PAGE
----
Web Exclusives: Alumni Spotlight
bridges in Philadelphia
A. Smith '78 helps city kids become friends and develop skills
Several months after Carol A. Smith '78, became executive director
of Woodrock, a nonprofit youth development organization, she visited
its 10-acre camp in Sanatoga, Pennsylvania. She arrived just as
a three- day retreat for fathers and sons focusing on bonding and
parenting skills was concluding. "A group of fathers stood
up in front of their sons and told them they were slashing their
tires because they never wanted to leave," she says. "It
was definitely one of those goose bump moments that reinforced,
for me, the importance of what we do."
That retreat is just one of Woodrock's many programs that help
disadvantaged urban youth from Philadelphia develop healthy relationships
with family and friends, and build leadership, outdoor, and life
skills in a collaborative environment. Woodrock was founded in 1967
in response to racial tensions in Northeast Philadelphia as a summer
camp for boys. "The concept was that camping would be a good
way to build bridges with kids," says Smith. By working with
public schools and community organizations, Woodrock now serves
over 1,000 fourth through twelfth graders, both boys and girls,
per year through in school, after school enrichment, and summer
camp programs that promote interracial, interethnic, and intercultural
As executive director since December 2002, Smith raises funds,
develops and monitors its programs, and hires staff, among other
responsibilities. Woodrock's activities, says Smith, "arouse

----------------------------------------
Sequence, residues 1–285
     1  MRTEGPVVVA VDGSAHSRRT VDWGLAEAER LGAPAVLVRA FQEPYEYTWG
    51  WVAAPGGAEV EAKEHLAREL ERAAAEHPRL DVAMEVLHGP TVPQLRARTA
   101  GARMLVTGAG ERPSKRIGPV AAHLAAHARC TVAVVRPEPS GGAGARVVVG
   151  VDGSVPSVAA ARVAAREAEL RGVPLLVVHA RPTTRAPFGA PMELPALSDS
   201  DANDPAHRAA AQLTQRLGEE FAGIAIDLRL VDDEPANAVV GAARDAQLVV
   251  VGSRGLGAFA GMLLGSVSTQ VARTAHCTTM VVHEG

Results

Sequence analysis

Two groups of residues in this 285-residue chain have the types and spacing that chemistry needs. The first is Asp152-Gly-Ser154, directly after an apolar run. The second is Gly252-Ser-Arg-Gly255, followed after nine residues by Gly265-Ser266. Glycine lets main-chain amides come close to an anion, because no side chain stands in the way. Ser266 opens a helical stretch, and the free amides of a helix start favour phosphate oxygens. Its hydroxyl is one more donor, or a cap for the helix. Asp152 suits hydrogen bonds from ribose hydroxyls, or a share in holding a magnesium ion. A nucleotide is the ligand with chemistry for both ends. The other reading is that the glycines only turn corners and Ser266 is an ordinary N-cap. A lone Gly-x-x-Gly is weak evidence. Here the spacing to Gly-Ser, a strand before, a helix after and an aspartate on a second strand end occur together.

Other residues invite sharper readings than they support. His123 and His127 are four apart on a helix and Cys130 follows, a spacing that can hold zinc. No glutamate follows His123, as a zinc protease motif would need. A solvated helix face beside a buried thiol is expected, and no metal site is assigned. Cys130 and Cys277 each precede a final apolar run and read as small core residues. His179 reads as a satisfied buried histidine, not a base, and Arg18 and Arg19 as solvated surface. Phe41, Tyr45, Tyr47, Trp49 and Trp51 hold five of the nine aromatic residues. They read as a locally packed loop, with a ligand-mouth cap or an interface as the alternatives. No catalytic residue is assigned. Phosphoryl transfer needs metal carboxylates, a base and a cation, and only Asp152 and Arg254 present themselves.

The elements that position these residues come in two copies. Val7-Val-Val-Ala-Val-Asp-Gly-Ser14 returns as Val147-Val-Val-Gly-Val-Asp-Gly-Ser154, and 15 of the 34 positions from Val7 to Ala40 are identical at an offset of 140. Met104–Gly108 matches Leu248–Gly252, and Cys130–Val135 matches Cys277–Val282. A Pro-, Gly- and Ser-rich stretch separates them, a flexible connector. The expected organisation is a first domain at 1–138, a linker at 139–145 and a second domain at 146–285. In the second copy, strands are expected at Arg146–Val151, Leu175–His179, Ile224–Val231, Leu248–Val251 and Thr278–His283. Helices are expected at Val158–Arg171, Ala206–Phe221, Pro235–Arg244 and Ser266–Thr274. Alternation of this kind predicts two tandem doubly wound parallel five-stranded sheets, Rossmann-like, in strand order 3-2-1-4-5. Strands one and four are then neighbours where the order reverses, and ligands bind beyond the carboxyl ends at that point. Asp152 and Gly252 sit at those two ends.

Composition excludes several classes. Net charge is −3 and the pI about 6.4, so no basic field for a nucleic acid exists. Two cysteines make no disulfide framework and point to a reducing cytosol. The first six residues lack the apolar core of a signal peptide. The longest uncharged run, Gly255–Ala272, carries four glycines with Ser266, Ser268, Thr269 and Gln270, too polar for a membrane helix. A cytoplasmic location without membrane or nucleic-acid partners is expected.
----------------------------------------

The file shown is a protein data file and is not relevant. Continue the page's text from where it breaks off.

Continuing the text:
children from their urban torpor and make them remember that the
world is full of interest and possibility for them. This is so key
for children who grow up in under-resourced circumstances."
On any given day a class of seventh graders in a local public
school might be conquering the "plate challenge"
they try to step on plates while keeping their feet off the ground
and touching their classmates; while ninth and tenth graders in
Woodrock's outdoor leadership force instruct fifth graders at a
local charter school about pollution. "We do a lot of activities
around teamwork and problem solving," says Smith.
A St. Louis Native, Smith feels strongly about serving the community.
A psychology major at Princeton who later earned her doctorate from
the University of Pennsylvania, she was a college administrator
for 18 years, most recently at Drexel, where she was a senior associate
dean of students and director of diversity. But in 1998 she transferred
her administrative skills to the nonprofit world, as executive director
of the Philadelphia Black Women's Health Project, where she remains
involved, and later as chief operating officer of Big Sisters of
Philadelphia, before coming to Woodrock.
"I hope that my experience and education can be used as a
resource to help bring information and opportunity to an under-resourced
community," says Smith. "Working this way connects me
to my community and that feels good."
By Kathryn Levy Feldman '78
Kathryn Levy Feldman '78 is a freelance writer in Bryn Mawr,